We don’t know where it originated but there is a myth that Medicaid “takes your home”. This is wrong. Medicaid does not take your home. In fact, Medicaid does not take anything during your lifetime or the lifetime of your spouse. When both you and your spouse pass away, Medicaid, through Estate Administration Unit (EAU), may have a claim against the estate of you or your spouse, but only up to the amount Medicaid paid for care.
When applying for long-term care benefits, your resources are considered during the qualification process. DHS may determine that you have too many resources or must use some before qualifying or continuing to qualify for Medicaid. Sometimes we have difficult decisions to make, for example, you may have to sell resources such as a second car or cash in life insurance policies before qualifying. Spending down is a choice you’ll make to qualify for benefits; the program is voluntary, so you are not forced to apply or spend.
If you and your spouse have a home and Medicaid paid for long-term care (LTC) for one or both of you, Medicaid might have to be paid back or reimbursed for expenses paid on your behalf before your heirs can inherit the home. This can be resolved in a few different ways such as through a sale, refinance, or alternate funding to pay the claim.
There are some exceptions to when resources are claimed by the State – usually when the state is being reimbursed elsewhere – for example, when they beneficiary of an annuity or there is a residual amount in an income cap trust. These payments are never sought before the Medicaid recipient dies.
Medicaid doesn’t take personal property (i.e. couches, clothes, jewelry, kitchenware, etc.), vehicle(s), or pets after a recipient or spouse dies nor does it control your income, bank accounts etc.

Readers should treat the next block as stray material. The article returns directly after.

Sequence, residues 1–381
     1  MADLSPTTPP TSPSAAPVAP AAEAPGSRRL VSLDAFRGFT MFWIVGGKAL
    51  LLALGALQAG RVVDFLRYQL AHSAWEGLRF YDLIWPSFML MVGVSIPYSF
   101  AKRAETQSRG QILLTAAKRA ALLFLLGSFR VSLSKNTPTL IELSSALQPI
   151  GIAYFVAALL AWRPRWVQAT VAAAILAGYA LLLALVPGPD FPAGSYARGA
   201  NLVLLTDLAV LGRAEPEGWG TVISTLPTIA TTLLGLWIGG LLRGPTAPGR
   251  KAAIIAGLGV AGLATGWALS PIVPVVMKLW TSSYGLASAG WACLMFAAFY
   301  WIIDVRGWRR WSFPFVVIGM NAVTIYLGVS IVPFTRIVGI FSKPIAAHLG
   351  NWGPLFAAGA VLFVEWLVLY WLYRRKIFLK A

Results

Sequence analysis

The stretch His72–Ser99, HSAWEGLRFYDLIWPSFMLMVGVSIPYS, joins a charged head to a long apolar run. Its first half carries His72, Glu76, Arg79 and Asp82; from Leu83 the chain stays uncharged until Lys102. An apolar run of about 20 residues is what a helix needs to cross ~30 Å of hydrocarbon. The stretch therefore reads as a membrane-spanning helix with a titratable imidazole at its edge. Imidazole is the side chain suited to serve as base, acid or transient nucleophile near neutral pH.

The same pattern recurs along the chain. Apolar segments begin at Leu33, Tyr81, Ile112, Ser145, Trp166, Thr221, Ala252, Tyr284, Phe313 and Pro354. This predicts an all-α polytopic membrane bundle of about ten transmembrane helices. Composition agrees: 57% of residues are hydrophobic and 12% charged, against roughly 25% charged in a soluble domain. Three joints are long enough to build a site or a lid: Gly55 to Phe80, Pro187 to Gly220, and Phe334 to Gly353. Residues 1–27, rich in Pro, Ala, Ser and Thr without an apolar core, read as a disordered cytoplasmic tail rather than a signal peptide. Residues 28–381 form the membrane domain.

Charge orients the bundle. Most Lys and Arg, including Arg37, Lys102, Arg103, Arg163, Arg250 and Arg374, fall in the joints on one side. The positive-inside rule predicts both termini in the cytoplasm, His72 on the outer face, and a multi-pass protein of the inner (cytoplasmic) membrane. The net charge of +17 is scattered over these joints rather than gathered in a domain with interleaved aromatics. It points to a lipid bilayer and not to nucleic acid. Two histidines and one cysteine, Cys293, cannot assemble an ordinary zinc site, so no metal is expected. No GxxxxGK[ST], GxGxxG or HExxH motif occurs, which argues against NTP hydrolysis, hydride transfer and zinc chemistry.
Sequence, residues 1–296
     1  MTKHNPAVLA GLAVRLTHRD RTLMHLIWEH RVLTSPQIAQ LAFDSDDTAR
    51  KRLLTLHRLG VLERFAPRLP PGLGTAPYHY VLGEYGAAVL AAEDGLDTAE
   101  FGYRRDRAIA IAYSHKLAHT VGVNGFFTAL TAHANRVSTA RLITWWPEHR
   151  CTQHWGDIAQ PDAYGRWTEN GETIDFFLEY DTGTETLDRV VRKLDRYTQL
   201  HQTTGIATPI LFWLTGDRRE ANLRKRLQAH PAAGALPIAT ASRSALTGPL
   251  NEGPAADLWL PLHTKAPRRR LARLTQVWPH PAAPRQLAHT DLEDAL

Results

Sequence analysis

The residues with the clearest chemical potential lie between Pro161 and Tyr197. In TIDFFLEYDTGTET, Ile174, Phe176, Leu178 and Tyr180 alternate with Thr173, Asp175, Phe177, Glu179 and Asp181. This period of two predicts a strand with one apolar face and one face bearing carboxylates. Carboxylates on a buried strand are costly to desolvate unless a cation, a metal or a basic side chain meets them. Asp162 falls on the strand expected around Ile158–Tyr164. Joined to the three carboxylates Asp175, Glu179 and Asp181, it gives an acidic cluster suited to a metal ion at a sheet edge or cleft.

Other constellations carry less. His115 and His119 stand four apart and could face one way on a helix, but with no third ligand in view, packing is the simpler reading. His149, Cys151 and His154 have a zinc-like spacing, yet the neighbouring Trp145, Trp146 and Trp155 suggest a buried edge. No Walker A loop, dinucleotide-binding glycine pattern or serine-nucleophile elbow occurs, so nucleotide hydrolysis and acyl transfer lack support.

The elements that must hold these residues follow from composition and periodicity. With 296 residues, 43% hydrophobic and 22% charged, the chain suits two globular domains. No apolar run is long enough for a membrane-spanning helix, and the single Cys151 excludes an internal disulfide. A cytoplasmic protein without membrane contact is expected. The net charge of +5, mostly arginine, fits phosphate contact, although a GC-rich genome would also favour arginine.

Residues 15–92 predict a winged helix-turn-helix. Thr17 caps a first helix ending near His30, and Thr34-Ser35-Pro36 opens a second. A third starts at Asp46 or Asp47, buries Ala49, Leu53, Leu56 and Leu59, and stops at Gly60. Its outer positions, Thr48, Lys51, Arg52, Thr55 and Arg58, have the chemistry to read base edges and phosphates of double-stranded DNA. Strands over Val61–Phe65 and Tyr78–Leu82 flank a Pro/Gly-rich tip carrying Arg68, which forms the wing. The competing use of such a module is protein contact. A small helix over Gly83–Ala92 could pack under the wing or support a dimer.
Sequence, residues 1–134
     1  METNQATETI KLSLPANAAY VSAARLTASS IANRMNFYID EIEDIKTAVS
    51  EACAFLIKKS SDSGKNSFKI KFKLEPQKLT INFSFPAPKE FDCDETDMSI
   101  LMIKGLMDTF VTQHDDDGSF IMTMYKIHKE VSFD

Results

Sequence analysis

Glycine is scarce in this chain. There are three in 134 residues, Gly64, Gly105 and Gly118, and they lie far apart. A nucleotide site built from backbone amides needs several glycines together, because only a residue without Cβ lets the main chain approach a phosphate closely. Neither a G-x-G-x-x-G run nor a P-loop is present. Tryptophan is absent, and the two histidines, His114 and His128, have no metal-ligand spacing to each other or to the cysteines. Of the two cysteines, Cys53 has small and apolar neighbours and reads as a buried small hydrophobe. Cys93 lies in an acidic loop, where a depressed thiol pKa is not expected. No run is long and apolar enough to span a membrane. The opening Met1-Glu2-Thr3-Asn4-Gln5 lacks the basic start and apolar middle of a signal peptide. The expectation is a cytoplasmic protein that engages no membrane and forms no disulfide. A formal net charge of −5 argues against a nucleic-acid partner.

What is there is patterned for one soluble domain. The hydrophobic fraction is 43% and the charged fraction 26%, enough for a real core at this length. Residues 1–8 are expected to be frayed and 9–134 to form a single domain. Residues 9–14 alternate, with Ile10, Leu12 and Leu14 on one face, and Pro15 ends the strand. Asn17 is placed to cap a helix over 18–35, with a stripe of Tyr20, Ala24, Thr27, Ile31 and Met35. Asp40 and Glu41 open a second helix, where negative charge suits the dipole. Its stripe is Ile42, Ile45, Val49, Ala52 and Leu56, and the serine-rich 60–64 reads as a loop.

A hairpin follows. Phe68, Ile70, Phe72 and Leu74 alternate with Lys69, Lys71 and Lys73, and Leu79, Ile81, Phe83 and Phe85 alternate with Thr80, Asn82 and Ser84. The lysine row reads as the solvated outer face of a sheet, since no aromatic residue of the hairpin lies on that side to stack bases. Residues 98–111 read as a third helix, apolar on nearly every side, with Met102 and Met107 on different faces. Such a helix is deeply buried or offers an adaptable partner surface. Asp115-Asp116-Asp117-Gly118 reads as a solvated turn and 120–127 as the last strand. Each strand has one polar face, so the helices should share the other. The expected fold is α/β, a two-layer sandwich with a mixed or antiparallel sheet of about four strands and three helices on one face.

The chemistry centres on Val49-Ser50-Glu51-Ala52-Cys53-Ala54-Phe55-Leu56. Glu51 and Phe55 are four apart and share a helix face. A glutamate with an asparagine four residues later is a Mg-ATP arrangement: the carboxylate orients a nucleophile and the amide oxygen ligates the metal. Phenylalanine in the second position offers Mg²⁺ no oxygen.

One way to resolve Medicaid having a claim against your estate is often addressed when a person or couple sells an excluded resource. The person or couple can voluntarily pay back Medicaid for all or most of the claim balance. If there is resource remaining after the pay back, there may be another spend down period before reapplying for long-term care.
A second way to resolve Medicaid having a claim against your estate is transferring assets out of your control, such as into an irrevocable trust. However, these transfers come with penalties, so never transfer without speaking to an attorney that specializes in Medicaid planning.
This is a complicated area of law. It may be best to seek counsel from an experienced Elder Law attorney if you are faced with long-term care decisions for you or a spouse. There are ways to protect assets and strategies for spending down. Come prepared to any meeting you have with an attorney so they understand the full picture and can give proper advise.
For more information visit: http://www.dhs.state.or.us/spd/tools/additional/generic/k.htm.
This article is for informational purposes only and does not constitute legal advice, nor does it establish an attorney-client relationship. For a consultation with an attorney at NW Estate Law, LLC, please visit www.NWEstateLaw.com, call (503) 543-1121, or email Cody@NWEstateLaw.com to schedule a meeting with Meredith Williamson about your specific case.
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